Resource partitioning between fisheries and endangered sharks

Published on
13. July 2021

Resource partitioning between fisheries and endangered sharks in a tropical marine food web

Viviana Márquez-Velásquez, Andrés F Navia, Ricardo S Rosa, Paulo R Guimarães, Jr, Rafael L G Raimundo


Fisheries can act as top predators and affect marine biodiversity and ecosystem functioning via their target species. We studied a coastal food web in the Pacific Ocean that is modular and encompasses 360 species and small- and large-scale fisheries. Small-scale fisheries (SSF), two hammerhead sharks, one stingray, and one flatfish species are network hubs, interacting with multiple species among and within trophic levels (TLs) and modules. SSF and endangered hammerhead sharks act as hyper-hubs, which are network hubs preying on other network hubs and likely imposing widespread top-down effects. Hyper-hubs have two consequences to network structure. First, they show low dietary overlap, connecting the network in complementary ways. Second, they have overlapping indirect interactions, suggesting they can strongly affect each other. Simulations assuming distinct fishery regulations and species extinctions of different TLs and topological roles did not change network structure but redefined hub identity. We hypothesize that competition shapes resource partitioning between fisheries and hammerhead sharks. Our findings suggest that ecosystem-level strategies informed by network approaches can optimize investments to conserve marine ecosystems and ensure food security over coastal areas in the developing world.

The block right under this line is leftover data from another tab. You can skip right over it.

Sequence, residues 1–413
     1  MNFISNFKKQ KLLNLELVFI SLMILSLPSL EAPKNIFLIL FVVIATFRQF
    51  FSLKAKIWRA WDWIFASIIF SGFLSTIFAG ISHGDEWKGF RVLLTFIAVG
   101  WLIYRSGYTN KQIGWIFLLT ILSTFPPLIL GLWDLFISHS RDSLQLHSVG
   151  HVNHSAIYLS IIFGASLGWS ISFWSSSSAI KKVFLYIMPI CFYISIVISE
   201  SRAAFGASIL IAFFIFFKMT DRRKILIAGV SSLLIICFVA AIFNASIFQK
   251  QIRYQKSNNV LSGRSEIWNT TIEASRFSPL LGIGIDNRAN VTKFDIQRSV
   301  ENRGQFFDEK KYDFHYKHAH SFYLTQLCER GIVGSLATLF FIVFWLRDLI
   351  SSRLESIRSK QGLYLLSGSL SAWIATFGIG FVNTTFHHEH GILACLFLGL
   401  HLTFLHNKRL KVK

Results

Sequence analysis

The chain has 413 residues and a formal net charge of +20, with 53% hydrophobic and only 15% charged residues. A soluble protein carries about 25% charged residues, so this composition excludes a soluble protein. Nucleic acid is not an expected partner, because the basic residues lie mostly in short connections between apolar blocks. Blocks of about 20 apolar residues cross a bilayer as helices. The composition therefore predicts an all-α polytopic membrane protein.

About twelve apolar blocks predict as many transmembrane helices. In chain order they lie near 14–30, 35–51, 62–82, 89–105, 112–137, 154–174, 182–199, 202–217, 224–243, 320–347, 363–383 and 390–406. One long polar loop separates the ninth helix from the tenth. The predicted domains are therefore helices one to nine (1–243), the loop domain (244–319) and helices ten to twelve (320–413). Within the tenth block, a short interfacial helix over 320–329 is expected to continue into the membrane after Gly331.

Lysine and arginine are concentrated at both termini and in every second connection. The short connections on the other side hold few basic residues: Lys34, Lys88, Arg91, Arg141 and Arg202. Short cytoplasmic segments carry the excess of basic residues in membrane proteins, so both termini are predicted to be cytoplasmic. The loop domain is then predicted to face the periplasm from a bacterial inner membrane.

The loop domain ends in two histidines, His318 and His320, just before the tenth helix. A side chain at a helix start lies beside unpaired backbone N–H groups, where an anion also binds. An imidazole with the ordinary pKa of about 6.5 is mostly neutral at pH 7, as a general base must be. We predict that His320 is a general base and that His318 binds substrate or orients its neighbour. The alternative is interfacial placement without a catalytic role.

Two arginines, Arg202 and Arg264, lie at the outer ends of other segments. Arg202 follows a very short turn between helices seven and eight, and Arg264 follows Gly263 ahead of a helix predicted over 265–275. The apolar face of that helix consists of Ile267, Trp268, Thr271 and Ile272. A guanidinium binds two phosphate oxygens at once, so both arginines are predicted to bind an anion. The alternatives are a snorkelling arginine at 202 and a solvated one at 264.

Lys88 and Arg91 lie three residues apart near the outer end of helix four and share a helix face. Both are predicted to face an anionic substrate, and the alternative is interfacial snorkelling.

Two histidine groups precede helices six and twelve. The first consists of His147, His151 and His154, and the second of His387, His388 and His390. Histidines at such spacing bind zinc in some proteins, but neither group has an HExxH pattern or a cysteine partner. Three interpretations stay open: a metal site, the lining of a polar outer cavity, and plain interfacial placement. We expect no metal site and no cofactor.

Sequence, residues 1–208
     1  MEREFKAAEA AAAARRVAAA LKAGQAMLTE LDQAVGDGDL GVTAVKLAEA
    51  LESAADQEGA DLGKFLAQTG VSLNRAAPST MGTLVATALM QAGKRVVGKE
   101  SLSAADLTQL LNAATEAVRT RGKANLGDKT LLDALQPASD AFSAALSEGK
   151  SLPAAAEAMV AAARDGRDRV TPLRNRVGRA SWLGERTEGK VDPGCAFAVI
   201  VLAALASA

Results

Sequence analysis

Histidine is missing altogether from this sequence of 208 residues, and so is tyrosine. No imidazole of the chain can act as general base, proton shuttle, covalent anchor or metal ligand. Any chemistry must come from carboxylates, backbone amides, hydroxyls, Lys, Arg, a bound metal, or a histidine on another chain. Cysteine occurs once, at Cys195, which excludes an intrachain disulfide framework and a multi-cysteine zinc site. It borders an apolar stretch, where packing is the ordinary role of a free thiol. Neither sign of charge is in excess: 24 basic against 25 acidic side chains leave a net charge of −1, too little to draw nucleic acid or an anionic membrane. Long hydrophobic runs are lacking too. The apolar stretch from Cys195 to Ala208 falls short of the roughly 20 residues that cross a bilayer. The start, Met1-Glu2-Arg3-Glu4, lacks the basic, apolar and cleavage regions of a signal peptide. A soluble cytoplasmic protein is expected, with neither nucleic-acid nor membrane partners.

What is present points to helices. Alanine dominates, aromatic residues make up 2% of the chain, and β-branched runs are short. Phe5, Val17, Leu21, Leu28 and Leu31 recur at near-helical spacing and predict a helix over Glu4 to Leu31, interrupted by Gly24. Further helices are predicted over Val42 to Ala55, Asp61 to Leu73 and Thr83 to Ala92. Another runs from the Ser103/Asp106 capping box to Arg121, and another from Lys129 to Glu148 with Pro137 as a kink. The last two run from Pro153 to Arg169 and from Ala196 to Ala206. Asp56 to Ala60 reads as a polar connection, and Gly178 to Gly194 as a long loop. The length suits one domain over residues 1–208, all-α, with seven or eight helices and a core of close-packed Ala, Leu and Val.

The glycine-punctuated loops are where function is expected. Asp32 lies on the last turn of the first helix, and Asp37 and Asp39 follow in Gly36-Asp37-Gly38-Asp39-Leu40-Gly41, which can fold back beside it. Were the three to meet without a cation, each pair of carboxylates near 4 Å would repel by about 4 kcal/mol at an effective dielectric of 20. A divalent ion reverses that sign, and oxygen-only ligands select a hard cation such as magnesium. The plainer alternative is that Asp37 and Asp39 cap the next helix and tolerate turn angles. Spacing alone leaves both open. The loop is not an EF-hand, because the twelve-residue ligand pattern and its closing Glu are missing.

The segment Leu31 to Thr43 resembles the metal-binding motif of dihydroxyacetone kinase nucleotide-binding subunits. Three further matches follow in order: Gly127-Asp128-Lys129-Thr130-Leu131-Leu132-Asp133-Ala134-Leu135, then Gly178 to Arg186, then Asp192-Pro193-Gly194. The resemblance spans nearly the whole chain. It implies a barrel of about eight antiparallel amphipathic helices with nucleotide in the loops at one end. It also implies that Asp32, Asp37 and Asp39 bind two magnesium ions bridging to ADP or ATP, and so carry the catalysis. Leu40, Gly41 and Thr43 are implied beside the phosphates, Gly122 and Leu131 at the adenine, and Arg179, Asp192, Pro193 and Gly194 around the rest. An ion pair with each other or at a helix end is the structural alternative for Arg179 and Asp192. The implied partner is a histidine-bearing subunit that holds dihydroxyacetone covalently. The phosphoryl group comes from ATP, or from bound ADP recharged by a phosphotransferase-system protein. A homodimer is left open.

ICES Journal of Marine Science, fsab129, DOI: 10.1093/icesjms/fsab129


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